A scam allegedly perpetrated by two private bankers out of a JPMorgan Chase location appears to have been overdrawn, as it were.
For over two years, reports The New York Times, Jonathan Francis and Dion Allison — who worked at a Bedford-Stuyvesant branch of the bank — maintained personal access to 15 high-balance accounts in elderly citizens’ names, using forged documents to create ATM cards which accomplices used to withdraw about $400,000 in total.
Although the accounts in question were dormant — prosecuters believe that the majority, if not the entirety, of them belonged to deceased citizens — they continued to receive deposits from the Social Security Administration (and hence were targeted by the alleged fraudsters) as a result of outdated reporting.
According to a news release from the district attorney’s office, while one of the two accused accomplices — Gregory Desrameaux — has been arraigned (along with Francis and Allison), the second — Kery Phillips — is still at large.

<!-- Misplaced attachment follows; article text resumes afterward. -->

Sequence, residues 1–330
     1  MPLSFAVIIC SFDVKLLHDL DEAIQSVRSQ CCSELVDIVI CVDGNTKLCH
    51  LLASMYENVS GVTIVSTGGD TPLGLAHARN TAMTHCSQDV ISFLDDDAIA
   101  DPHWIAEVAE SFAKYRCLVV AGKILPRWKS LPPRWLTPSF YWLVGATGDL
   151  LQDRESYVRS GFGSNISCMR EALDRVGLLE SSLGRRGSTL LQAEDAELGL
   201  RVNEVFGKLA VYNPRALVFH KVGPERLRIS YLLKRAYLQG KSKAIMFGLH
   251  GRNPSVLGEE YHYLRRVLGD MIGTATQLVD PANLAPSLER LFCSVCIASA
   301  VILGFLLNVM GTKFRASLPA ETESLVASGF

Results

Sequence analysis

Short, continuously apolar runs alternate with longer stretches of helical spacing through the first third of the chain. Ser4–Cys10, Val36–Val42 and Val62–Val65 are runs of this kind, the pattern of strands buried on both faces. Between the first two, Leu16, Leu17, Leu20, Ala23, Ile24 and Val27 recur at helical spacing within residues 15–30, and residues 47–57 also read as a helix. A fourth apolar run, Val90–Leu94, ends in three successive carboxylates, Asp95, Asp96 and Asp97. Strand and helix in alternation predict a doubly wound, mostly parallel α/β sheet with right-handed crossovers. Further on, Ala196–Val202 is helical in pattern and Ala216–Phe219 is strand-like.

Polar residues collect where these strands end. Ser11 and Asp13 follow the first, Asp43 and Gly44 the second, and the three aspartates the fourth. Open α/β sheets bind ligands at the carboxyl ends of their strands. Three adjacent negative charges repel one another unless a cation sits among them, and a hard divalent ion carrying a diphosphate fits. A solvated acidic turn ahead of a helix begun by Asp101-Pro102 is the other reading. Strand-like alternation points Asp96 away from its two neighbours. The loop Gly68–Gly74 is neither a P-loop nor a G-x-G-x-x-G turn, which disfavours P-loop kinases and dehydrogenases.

The NYT story points out that this is not the only recent case of JPMorgan employees being accused of fraud. In April, investment adviser Michael Oppenheim was charged (in Manhattan) with stealing $20 million from the bank’s clientele, while in Brooklyn that same month, Chase employee Peter Persaud was accused of selling customer data to an informant and an undercover officer.
As for the current fraud case related to the Bedford-Stuyvesant branch, JPMorgan Chase spokeswoman Lauren Ryan told the Times that the company is “working closely with the authorities and the Social Security Administration” on it.